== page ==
Now, is there any man who can be a greater priest than Christ? No! And we're going to understand, as we go through this, why then it's so important that we understand why we don't have a lot of public prayer. We'll cover that in just a little bit. Every time you go into the Bible, the longest public prayer that is recorded is the prayer of Solomon when the temple was dedicated. We'll look at some of the public prayers of Christ and we're going to see those were short! Why? Because He understood the access He had with God the Father—and that's what we need to understand.

Verse 22: "Let us approach God with a true heart… [because he will cleanse our hearts and minds] …with full conviction of faith… [you don't have to doubt at all] …our hearts having been purified from a wicked conscience, and our bodies having been washed with pure water. Let us hold fast without wavering to the hope that we profess, for He Who promised is faithful" (vs 22-23).

Now then, let's come back to Matthew, the sixth chapter. We will see why Jesus gave these instructions. He gave these instructions so that we do not have religious hypocrisy or pretense. And we're going to see why He starts out this way.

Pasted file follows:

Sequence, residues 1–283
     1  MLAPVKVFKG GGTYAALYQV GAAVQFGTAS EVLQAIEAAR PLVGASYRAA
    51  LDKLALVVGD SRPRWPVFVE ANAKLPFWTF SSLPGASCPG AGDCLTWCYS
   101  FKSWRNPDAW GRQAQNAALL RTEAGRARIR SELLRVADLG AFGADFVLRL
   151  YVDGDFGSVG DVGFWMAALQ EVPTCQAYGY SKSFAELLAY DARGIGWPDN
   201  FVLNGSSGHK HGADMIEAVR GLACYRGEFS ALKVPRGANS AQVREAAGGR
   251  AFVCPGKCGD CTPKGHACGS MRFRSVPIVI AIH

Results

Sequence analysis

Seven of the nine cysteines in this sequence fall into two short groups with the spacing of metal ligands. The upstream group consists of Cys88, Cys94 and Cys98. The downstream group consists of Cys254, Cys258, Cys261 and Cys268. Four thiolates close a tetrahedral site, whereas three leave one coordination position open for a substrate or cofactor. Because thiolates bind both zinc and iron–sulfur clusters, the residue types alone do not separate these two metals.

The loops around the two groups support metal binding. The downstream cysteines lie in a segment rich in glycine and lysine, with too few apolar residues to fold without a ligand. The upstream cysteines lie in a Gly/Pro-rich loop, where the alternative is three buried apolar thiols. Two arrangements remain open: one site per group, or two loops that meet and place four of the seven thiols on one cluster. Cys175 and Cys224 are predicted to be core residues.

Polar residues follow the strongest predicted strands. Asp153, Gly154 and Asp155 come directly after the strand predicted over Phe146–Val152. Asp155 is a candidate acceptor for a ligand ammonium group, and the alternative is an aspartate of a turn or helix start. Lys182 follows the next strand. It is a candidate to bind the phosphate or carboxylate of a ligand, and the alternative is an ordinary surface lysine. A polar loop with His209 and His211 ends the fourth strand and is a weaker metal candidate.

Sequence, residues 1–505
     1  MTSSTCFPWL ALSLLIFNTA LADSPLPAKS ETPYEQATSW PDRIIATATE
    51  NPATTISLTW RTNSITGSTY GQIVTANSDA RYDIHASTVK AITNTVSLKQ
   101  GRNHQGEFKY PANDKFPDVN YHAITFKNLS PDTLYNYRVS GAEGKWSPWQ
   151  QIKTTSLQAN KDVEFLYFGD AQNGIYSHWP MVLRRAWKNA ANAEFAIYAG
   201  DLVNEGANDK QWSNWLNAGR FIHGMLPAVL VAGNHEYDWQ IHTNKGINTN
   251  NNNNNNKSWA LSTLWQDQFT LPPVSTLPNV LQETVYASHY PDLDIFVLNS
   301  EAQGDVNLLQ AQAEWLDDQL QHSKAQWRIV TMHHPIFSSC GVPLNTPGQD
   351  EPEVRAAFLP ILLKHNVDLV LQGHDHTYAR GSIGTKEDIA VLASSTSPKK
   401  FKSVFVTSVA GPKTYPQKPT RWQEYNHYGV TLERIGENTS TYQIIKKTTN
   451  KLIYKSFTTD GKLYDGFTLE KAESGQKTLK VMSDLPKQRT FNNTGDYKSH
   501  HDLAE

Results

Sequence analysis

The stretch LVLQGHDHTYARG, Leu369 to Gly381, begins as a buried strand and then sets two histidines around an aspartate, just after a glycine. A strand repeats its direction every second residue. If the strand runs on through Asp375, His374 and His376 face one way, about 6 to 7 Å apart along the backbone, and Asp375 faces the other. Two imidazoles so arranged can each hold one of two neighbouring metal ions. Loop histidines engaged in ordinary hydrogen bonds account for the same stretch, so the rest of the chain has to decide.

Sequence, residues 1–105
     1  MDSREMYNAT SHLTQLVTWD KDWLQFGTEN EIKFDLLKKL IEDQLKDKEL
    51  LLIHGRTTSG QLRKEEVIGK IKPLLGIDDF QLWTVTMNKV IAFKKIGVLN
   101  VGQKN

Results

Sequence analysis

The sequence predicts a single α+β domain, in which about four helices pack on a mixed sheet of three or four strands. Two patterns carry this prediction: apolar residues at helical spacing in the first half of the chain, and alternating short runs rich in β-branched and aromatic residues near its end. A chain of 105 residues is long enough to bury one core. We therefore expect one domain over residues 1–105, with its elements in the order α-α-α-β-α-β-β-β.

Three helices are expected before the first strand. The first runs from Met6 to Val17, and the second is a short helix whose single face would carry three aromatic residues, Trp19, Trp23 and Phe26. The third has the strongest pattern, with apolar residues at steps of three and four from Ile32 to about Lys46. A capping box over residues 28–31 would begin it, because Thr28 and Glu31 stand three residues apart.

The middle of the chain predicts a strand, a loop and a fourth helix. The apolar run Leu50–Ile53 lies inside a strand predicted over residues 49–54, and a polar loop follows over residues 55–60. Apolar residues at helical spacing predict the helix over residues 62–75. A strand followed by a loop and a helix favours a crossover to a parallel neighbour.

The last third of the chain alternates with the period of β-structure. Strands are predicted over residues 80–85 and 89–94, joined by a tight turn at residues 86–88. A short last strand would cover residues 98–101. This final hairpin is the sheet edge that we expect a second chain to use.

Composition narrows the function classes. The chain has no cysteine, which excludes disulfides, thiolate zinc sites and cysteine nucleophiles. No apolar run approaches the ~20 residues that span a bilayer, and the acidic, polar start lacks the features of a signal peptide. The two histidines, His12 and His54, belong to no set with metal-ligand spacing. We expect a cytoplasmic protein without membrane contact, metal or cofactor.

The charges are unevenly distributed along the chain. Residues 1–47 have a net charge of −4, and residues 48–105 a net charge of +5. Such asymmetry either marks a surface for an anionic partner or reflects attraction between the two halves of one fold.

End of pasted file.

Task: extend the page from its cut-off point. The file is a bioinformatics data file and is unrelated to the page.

Matthew 6:1: "Beware that you do not bestow your alms… [that is your service to other people] …in the sight of men in order to be seen by them… [you just do it. You don't say, 'I wonder what people will think and I wonder what my, as it were politically today, I wonder what my poll numbers will be tomorrow.'] …otherwise you have no reward with your Father Who is in heaven."

We want the true reward—don't we? Christ is going to bring the reward with Him—isn't He? Yes! So if you get out there and you do things just to be seen of men, you have no reward with God. Now, men might think you're great. Men might praise you; might even make it on TV. But you don't have reward of God.

Verse 2: "Therefore, when you give your alms, do not sound the trumpet before you… [today this is called publicity. It's also put in this way: Have you ever heard the modern phrase toot your own horn? That's where it comes from.] …as the hypocrites do in the synagogues and in the streets, so that they may have glory from men. Truly I say to you, they have their reward…. That is men have seen them. Every time you see a public demonstration of it by the pope. Every time you see the pope do what he has done, and men praise him, he's had his reward—right then!

Hold your place here and come to Luke 20:45, and also here is their reward: "And as all the people were listening, He said to His disciples, 'Beware of the scribes… [watch out for them] …who like to walk in robes, and love salutations in the marketplaces… [or wherever they are] …and the chief seats in the synagogues, and the chief places at the suppers'" (vs 45-46).